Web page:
Is Ego Depletion Real?: An Analysis of Arguments

Publikationen: Beiträge in ZeitschriftenZeitschriftenaufsätze

Standard

Is Ego Depletion Real? : An Analysis of Arguments. / Friese, Malte; Loschelder, David D.; Gieseler, Karolin; Frankenbach, Julius; Inzlicht, Michael.

in: Personality and Social Psychology Review, Band 23, Nr. 2, 01.05.2019, S. 107-131.

Publikationen: Beiträge in ZeitschriftenZeitschriftenaufsätze

Harvard

Friese, M, Loschelder, DD, Gieseler, K, Frankenbach, J & Inzlicht, M 2019, 'Is Ego Depletion Real?: An Analysis of Arguments' Personality and Social Psychology Review, Bd 23, Nr. 2, S. 107-131. DOI: 10.1177/1088868318762183

APA

Friese, M., Loschelder, D. D., Gieseler, K., Frankenbach, J., & Inzlicht, M. (2019). Is Ego Depletion Real? An Analysis of Arguments. Personality and Social Psychology Review, 23(2), 107-131. DOI: 10.1177/1088868318762183

Vancouver

Friese M, Loschelder DD, Gieseler K, Frankenbach J, Inzlicht M. Is Ego Depletion Real?: An Analysis of Arguments. Personality and Social Psychology Review. 2019 Mai 1;23(2):107-131. Erhältlich von, DOI: 10.1177/1088868318762183

Bibtex

@article{93a565e1a37a4e1c9852a34738f3460d,
title = "Is Ego Depletion Real?: An Analysis of Arguments",
abstract = "An influential line of research suggests that initial bouts of self-control increase the susceptibility to self-control failure (ego depletion effect). Despite seemingly abundant evidence, some researchers have suggested that evidence for ego depletion was the sole result of publication bias and p-hacking, with the true effect being indistinguishable from zero. Here, we examine (a) whether the evidence brought forward against ego depletion will convince a proponent that ego depletion does not exist and (b) whether arguments that could be brought forward in defense of ego depletion will convince a skeptic that ego depletion does exist. We conclude that despite several hundred published studies, the available evidence is inconclusive. Both additional empirical and theoretical works are needed to make a compelling case for either side of the debate. We discuss necessary steps for future work toward this aim.",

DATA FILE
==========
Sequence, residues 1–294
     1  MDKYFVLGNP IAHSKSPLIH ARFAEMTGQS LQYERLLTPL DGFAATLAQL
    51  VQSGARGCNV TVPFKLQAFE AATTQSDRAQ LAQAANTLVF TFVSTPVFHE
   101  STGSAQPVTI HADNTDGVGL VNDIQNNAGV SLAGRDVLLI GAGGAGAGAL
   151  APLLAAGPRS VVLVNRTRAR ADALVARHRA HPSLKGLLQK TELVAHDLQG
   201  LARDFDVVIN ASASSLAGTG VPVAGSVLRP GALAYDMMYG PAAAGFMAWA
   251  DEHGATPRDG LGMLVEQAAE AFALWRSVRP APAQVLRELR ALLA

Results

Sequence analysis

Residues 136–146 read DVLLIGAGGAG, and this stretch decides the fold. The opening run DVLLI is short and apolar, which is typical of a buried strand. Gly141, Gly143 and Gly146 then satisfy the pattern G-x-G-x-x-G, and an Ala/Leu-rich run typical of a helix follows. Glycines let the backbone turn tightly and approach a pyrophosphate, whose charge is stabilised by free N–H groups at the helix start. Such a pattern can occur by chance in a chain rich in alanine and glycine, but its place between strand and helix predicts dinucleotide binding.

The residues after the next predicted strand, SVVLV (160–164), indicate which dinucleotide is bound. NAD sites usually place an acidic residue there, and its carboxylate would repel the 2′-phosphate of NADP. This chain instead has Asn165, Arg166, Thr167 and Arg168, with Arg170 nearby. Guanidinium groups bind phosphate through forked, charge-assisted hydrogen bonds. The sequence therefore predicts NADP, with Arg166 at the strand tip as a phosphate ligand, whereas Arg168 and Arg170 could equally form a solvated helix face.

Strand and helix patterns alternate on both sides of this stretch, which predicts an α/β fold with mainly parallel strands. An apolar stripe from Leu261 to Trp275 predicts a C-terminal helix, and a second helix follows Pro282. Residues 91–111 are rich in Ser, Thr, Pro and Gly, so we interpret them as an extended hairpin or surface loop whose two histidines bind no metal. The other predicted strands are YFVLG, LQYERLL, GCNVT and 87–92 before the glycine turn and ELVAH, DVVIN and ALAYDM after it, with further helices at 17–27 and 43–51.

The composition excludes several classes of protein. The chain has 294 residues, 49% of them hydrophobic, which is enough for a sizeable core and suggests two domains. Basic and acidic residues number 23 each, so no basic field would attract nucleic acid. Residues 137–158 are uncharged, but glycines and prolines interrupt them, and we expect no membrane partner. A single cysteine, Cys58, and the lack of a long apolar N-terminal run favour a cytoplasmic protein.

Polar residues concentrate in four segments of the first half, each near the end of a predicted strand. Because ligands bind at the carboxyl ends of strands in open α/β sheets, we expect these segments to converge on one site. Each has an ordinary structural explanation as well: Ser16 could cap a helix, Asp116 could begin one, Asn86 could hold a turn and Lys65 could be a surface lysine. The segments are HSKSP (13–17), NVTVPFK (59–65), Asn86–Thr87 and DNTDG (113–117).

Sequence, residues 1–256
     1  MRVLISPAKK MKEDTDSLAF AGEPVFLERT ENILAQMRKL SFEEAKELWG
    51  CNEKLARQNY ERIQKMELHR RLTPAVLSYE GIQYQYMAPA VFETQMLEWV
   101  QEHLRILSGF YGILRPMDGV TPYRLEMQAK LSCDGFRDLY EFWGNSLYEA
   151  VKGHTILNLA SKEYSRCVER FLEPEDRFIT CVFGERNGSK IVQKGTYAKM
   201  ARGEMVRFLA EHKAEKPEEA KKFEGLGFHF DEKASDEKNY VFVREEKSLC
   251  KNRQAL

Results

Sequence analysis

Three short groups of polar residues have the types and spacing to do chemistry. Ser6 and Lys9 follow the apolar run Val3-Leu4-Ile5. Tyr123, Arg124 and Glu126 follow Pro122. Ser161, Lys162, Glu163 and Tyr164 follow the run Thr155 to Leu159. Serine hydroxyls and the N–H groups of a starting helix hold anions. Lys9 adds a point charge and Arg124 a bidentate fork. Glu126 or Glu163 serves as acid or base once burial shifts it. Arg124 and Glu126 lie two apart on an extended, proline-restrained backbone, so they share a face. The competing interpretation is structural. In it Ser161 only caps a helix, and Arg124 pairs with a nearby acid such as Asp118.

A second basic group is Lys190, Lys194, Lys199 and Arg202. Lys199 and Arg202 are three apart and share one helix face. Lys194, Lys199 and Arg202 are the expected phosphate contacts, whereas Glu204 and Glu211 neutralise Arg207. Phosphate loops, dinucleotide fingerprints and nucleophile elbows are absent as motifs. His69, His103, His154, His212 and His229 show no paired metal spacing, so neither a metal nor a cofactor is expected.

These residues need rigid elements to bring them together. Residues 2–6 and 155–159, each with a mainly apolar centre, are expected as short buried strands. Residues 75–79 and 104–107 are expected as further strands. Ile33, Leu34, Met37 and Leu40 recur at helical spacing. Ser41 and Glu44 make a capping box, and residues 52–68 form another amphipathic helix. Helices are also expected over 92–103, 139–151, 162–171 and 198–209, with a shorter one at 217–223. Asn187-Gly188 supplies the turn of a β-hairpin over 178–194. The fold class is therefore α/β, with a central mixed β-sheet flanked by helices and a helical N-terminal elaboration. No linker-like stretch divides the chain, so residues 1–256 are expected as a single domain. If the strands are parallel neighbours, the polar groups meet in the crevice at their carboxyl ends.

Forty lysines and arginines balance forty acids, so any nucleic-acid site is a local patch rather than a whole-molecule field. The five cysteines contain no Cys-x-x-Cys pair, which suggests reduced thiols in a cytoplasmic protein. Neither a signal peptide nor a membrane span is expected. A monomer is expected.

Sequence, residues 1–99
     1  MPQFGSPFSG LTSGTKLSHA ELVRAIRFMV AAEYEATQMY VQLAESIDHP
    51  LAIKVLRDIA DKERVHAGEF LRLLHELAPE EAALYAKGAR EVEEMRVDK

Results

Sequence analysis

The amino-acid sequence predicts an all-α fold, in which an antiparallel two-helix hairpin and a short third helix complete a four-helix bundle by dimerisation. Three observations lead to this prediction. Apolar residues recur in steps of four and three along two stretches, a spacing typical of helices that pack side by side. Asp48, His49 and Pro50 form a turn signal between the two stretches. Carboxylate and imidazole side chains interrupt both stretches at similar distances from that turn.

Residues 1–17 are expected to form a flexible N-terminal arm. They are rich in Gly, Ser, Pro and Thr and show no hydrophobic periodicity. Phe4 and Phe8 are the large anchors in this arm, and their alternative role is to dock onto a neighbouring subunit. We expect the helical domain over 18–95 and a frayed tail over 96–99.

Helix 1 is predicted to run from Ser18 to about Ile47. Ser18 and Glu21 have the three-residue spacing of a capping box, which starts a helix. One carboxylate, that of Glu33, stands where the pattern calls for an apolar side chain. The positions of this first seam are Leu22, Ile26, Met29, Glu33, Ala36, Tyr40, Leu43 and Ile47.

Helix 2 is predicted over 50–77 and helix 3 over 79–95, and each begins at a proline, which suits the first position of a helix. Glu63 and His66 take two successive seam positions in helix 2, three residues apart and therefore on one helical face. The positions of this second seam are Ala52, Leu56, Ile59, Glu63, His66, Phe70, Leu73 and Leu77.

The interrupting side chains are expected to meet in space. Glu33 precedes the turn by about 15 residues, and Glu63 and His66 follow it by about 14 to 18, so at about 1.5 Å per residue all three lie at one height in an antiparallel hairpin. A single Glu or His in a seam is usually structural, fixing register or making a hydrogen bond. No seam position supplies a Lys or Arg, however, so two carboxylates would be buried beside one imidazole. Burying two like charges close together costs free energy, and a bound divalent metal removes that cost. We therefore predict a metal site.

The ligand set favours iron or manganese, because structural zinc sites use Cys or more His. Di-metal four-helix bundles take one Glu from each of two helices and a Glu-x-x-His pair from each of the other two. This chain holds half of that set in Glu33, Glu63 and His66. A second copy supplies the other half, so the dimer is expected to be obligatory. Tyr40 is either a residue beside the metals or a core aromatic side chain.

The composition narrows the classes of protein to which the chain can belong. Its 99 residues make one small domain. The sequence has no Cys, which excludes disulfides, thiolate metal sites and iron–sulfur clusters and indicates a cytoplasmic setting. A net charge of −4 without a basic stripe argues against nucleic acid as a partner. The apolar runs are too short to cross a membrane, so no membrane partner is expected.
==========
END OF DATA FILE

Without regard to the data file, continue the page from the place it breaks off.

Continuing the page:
keywords = "ego depletion, p-hacking, replicability crisis, self-control, self-regulation, Psychology",
author = "Malte Friese and Loschelder, {David D.} and Karolin Gieseler and Julius Frankenbach and Michael Inzlicht",
year = "2019",
month = "5",
day = "1",
doi = "10.1177/1088868318762183",
language = "English",
volume = "23",
pages = "107--131",
journal = "Personality and Social Psychology Review",
issn = "1088-8683",
publisher = "SAGE Publications Inc.",
number = "2",

}

RIS

TY - JOUR

T1 - Is Ego Depletion Real?

T2 - Personality and Social Psychology Review

AU - Friese,Malte

AU - Loschelder,David D.

AU - Gieseler,Karolin

AU - Frankenbach,Julius

AU - Inzlicht,Michael

PY - 2019/5/1

Y1 - 2019/5/1

N2 - An influential line of research suggests that initial bouts of self-control increase the susceptibility to self-control failure (ego depletion effect). Despite seemingly abundant evidence, some researchers have suggested that evidence for ego depletion was the sole result of publication bias and p-hacking, with the true effect being indistinguishable from zero. Here, we examine (a) whether the evidence brought forward against ego depletion will convince a proponent that ego depletion does not exist and (b) whether arguments that could be brought forward in defense of ego depletion will convince a skeptic that ego depletion does exist. We conclude that despite several hundred published studies, the available evidence is inconclusive. Both additional empirical and theoretical works are needed to make a compelling case for either side of the debate. We discuss necessary steps for future work toward this aim.

AB - An influential line of research suggests that initial bouts of self-control increase the susceptibility to self-control failure (ego depletion effect). Despite seemingly abundant evidence, some researchers have suggested that evidence for ego depletion was the sole result of publication bias and p-hacking, with the true effect being indistinguishable from zero. Here, we examine (a) whether the evidence brought forward against ego depletion will convince a proponent that ego depletion does not exist and (b) whether arguments that could be brought forward in defense of ego depletion will convince a skeptic that ego depletion does exist. We conclude that despite several hundred published studies, the available evidence is inconclusive. Both additional empirical and theoretical works are needed to make a compelling case for either side of the debate. We discuss necessary steps for future work toward this aim.

KW - ego depletion

KW - p-hacking

KW - replicability crisis

KW - self-control

KW - self-regulation

KW - Psychology

UR - http://www.scopus.com/inward/record.url?scp=85044974728&partnerID=8YFLogxK

U2 - 10.1177/1088868318762183

DO - 10.1177/1088868318762183

M3 - Journal articles

VL - 23

SP - 107

EP - 131

JO - Personality and Social Psychology Review

JF - Personality and Social Psychology Review

SN - 1088-8683

IS - 2

ER -

DOI

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